Just three weeks after the end of a miserable World Cup season, Jos Buttler is back on tour and preparing for another one-day international series. He promises to “use it as a positive experience” as work begins on refreshing and rejuvenating the England ODI squad.
Buttler averaged just 15.33 with the bat as England lost six of their nine games in India, but insists that after some time reflecting on this season he has not lost his confidence as either a player or captain.
“I have to use it as motivation and hunger to push myself and the team forward,” he said. “I have to structure the rest of my career to use this as a positive experience. It’s a big disappointment, but it doesn’t define me as a person or my entire career. I’m just going to use it to make sure I look forward now and enjoy the challenges that lie ahead.”
Buttler gave no thought to giving up his position in the middle order – “It was my super strength in this format and I want to build on that even more” – or questioned his judgment, despite making several decisions in this throw that ultimately resulted in defeats contributed.
“In hindsight, being captain is easy, isn’t it? If you end up not playing well enough to execute your plan, the decisions can become a bit irrelevant,” he said. “I’m certainly not going to be someone who says at the end of the game, ‘I should have done something different.’ You have to trust yourself.”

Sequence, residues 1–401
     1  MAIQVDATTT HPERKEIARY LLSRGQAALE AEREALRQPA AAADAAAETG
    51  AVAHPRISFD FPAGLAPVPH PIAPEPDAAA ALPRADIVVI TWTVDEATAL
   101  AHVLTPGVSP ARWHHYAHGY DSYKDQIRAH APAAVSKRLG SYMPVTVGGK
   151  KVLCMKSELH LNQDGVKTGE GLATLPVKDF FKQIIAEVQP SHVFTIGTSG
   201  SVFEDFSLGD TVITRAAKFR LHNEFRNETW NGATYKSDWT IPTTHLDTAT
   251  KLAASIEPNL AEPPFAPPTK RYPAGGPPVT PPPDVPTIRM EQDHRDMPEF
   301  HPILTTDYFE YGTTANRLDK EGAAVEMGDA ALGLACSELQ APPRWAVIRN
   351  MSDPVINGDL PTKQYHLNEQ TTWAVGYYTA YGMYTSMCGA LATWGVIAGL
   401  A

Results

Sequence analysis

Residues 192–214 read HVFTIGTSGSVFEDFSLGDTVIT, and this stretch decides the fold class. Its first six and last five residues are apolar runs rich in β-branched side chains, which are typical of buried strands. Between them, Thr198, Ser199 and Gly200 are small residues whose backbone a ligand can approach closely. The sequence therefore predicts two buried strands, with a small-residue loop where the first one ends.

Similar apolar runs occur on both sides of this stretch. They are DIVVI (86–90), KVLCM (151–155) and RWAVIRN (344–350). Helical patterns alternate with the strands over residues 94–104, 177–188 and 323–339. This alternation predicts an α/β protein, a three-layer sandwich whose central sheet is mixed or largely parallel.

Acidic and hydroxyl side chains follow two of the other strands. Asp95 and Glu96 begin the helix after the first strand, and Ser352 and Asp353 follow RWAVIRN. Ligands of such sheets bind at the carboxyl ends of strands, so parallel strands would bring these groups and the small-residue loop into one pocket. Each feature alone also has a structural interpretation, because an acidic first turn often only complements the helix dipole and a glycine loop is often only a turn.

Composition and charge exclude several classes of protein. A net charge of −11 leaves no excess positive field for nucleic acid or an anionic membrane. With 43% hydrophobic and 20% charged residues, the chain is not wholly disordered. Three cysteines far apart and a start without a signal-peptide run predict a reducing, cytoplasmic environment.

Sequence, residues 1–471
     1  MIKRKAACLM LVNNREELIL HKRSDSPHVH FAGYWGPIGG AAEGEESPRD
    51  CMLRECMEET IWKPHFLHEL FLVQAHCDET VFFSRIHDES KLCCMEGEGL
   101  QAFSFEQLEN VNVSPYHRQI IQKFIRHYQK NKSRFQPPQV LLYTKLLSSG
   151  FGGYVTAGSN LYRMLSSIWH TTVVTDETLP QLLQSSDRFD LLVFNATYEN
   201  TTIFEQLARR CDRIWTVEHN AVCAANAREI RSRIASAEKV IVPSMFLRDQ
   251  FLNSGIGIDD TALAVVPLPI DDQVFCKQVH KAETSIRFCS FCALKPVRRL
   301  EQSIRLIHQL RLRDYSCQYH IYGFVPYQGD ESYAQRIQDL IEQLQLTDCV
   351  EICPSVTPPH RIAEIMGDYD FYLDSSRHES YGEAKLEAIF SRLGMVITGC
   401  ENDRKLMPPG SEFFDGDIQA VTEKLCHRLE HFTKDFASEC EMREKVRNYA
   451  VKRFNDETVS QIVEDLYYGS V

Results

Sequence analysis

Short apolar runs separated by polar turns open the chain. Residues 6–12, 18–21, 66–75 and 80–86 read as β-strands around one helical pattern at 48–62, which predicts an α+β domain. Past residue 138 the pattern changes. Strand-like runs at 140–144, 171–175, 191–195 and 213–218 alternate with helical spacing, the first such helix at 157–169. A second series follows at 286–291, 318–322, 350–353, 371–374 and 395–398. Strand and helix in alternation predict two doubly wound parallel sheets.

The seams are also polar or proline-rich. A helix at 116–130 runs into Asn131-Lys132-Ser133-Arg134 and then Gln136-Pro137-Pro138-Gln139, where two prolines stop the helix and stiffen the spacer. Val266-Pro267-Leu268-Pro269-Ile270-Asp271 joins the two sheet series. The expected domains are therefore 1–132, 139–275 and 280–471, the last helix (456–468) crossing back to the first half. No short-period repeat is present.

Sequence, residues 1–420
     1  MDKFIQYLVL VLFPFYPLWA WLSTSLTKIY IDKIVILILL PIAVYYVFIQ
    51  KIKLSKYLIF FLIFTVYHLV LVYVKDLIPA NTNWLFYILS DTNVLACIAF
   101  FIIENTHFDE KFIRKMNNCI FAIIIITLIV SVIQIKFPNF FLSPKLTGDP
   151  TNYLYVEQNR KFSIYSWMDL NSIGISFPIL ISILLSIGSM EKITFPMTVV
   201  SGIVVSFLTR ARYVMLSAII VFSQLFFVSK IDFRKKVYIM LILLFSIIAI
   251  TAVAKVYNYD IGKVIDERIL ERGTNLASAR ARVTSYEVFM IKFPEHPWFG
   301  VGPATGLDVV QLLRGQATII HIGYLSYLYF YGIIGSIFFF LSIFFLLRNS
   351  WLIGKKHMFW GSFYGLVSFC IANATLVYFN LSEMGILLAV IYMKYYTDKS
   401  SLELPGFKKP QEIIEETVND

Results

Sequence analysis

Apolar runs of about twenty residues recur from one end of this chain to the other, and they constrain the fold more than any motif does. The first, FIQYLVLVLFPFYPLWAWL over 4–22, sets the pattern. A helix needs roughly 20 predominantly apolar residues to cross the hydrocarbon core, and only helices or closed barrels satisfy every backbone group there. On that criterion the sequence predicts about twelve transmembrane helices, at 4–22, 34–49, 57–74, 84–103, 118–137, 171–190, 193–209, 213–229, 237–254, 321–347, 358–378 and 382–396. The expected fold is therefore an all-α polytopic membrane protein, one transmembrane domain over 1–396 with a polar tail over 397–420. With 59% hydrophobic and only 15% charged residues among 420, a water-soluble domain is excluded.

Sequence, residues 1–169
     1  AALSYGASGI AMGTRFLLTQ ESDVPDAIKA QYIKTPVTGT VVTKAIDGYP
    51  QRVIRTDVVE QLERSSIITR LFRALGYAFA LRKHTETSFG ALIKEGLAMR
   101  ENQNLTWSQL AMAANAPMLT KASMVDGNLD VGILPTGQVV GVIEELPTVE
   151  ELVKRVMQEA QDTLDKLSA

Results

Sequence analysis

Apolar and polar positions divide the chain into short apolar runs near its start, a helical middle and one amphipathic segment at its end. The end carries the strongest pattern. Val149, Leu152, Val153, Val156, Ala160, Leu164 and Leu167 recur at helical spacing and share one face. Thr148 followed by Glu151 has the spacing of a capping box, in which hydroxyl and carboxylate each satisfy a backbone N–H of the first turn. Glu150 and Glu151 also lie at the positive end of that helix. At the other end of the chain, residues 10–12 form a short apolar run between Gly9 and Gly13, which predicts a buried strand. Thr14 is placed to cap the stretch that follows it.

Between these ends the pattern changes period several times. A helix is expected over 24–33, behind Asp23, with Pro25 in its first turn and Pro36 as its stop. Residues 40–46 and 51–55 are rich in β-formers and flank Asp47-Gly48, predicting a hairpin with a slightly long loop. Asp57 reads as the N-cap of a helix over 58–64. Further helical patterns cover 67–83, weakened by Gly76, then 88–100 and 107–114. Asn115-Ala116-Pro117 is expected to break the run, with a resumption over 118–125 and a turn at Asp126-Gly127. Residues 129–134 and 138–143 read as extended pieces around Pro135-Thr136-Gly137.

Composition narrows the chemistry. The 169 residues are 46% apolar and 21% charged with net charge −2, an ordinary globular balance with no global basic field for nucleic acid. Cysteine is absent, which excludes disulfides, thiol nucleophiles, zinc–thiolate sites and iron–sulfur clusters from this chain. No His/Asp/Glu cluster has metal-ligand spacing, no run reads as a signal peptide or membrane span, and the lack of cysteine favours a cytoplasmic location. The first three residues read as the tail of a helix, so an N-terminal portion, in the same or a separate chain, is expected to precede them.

Although there was little time to relax between returning from the World Cup and heading to Antigua, where a three-match series against the West Indies begins on Sunday, Buttler quickly shook off his World Cup hangover.
“I’m at the stage of my life and career where I have good prospects,” he said. “I come home and have two kids who don’t care about the World Cup. I am a very proud person and I experience disappointments, but life goes on, the world moves pretty quickly. There is always something to look forward to. It’s never as bad as you think, and it’s never as good as you think.”
Only six of the 16 players involved in the World Cup will feature in this series, although another, Reece Topley, is already in the squad and is preparing for the following Twenty20s. Phil Salt and Will Jacks will lead a batting line-up that is otherwise strong in terms of Test experience: of the other specialist batsmen, Ben Duckett, Zak Crawley and Ollie Pope have all played more Tests than ODIs and Harry Brook has appeared in 12 Tests each.
“It’s certainly a bit of a new beginning,” Buttler said. “There is some really exciting talent in this team, young guys who are eager to take their chances and perform. There are some people who haven’t had much exposure to ODI cricket but have a lot of experience in Test cricket.
“I think there is a nice mix, a real hunger, but also some quality players who have done some great things in international cricket. There is a great energy and the Caribbean is a beautiful place to start this journey.”